Game Design, Programming and running a one-man games business…

Credit Crunch Games

So despite the fact that most economists realise that talk of recessions can easily become self-fulfilling prophecies, it’s hard to avoid the constant discussion of the ‘global economic downturn’ or whatever it’s called this week. Obviously, given my line of business, I’m forced to ask myself “how does this affect games sales?”

Some people would suggest it could be very bad. Games are a leisure activity, and thus are easily cut back. you will stop buying games before you stop buying food, or paying the rent. This would suggest that the wise man would make cheaper games, in order to make the potential buyer think he is getting a bargain, or that the game is so cheap the price isn’t worth worrying about.

I think it might be the opposite. It could be that tough economic times are good for games. Not *all* games, but mine, and here’s why:

1) Games in general are a VERY cost-effective leisure activity. Assume a $22.95 game like Democracy 2. That’s probably a similar cost to buying a DVD which lasts 2 hours, 3 with the extras. Call it 5 if you watch it twice. A decent game will last much longer than that, so in terms of cost-per-hour of leisure, the game pretty much beats the DVD. Compare them to the hourly cost of drinking in a bar, the movies, restaurants, the theater, or pretty much anything but books and TV, and gaming wins out big time.

2) The games I make are simulation/strategy, which tend to have a lot of playtime, and replay value. They aren’t fixed length games with one-shot puzzles, like the hidden object games, or on-rails one-time hollywood style rides such as COD 4. Even if in practice you choose not to keep replaying, the option is there. It’s perceived value that affects sales, and the perceived play time and thus value of my games is high.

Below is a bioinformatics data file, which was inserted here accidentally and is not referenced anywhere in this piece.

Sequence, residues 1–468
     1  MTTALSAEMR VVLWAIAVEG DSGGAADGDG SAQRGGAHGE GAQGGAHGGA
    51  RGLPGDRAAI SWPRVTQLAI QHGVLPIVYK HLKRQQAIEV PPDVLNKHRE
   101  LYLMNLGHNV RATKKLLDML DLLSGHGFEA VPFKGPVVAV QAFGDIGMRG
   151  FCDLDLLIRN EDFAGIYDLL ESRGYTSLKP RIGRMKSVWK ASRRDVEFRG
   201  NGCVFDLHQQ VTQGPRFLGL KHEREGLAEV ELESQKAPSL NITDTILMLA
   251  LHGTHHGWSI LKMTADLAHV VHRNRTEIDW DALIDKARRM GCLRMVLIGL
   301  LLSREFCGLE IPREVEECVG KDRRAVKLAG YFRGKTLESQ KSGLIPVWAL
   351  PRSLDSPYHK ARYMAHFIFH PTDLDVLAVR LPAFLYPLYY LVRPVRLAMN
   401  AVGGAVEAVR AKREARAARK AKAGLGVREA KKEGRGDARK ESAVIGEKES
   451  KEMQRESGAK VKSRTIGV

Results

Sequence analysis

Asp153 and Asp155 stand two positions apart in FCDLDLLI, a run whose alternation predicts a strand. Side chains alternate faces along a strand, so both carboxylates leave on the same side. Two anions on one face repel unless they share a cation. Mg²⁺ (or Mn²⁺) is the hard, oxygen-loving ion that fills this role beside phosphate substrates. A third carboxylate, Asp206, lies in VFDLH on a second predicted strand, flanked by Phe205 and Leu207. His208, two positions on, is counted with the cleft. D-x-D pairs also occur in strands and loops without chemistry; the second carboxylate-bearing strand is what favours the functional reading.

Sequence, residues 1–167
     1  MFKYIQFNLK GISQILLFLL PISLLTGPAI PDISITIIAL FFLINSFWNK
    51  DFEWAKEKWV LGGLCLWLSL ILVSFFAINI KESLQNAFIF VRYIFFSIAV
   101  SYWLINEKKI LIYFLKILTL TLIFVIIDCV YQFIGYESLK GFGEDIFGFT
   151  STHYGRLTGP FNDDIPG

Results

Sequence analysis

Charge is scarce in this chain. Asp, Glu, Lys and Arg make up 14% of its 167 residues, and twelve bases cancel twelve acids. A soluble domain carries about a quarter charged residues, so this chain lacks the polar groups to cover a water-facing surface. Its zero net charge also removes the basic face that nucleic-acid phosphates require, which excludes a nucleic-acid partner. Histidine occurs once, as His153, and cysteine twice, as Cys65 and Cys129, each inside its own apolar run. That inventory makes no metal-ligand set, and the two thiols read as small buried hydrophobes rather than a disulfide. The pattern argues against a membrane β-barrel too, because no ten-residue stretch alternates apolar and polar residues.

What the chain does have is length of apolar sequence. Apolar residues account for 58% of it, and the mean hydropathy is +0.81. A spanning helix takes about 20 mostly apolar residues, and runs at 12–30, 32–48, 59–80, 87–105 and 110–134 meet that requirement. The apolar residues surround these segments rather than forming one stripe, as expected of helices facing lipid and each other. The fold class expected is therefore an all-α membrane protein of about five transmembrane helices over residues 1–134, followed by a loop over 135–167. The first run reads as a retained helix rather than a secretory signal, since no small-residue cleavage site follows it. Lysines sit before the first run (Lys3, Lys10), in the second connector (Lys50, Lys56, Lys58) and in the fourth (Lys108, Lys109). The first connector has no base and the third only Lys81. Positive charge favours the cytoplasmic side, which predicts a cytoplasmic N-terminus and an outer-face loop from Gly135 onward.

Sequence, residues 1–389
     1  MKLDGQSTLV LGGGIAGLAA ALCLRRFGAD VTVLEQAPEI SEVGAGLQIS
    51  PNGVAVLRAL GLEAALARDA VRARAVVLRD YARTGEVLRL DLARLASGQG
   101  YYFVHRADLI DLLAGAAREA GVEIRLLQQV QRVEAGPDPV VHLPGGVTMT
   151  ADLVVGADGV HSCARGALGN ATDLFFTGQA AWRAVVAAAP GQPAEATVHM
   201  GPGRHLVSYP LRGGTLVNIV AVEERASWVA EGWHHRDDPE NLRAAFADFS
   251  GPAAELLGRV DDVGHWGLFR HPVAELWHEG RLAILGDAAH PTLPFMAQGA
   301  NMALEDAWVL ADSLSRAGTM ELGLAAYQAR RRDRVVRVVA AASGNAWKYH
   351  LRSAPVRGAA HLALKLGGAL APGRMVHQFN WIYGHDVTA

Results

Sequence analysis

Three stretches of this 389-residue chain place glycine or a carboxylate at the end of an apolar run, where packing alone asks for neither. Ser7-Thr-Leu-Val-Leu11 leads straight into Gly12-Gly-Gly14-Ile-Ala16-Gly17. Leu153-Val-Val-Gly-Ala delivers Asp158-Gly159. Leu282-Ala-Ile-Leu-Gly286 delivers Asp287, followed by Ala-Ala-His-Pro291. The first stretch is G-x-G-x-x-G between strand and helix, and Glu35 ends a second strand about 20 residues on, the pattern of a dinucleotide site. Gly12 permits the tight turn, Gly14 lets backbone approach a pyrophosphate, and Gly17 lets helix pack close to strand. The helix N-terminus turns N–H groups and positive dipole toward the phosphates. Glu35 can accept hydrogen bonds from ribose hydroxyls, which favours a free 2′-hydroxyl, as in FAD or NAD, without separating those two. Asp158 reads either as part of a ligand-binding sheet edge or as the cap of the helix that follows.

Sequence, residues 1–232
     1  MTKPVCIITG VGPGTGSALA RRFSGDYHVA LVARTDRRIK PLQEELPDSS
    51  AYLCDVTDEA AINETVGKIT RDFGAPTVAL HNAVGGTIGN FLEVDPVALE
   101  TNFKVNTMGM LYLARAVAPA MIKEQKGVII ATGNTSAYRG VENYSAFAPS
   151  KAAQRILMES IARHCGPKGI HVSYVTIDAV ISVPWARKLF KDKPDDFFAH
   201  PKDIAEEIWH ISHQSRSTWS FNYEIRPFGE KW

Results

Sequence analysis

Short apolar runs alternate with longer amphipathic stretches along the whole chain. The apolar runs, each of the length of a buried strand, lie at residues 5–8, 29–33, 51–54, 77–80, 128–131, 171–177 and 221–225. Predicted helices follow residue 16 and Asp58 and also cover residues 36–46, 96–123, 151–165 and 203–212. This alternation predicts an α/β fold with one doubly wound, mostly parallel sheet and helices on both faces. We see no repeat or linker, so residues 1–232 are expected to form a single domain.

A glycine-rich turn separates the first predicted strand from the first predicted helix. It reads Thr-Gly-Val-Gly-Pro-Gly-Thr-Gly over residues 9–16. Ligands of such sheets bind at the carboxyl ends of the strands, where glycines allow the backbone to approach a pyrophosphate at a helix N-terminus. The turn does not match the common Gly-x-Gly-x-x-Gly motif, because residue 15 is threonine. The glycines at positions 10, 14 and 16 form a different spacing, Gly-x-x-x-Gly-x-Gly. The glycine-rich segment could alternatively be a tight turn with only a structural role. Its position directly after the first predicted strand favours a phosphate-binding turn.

3) The credit crunch is terrible for the overpriced PS3, and bad for the XBox, Wii, DS and any blockbuster PC game that requires that you upgrade your hardware. On the flipside, this means there are a lot of gamers who have got used to buying a new console or video card every year who have decided not to do so this time. In other words, there are a lot of people who want low-system-requirement games to play, in order to make full use of existing hardware investments.

Thats ME!

My games are unusual in that they aren’t designed for absolute base level minimum spec. I assume a hardware accelerated video card and 1024 res monitor. I also assume some graphical punch, so I do a lot of overlays and blending, and some particle stuff. In other words, I try to make my games look as good as they can, whilst staying out of the 3D arms race.

Who knows how it will play out? Sales for the last two weeks have been really bad, so maybe I’m just trying to cheer myself up, but I think my logic at leasts makes some sense. What do you think?

Open Source Games

I’m very interested in the idea of making one or more of my games open source. Not the current big sellers, but maybe planetary defense, or Starship Tycoon. I’d be tidying up the source and preparing it this very instant if it were not for one big silly, embarrasing problem…

The hard drive with the source for both games is in a PC that died.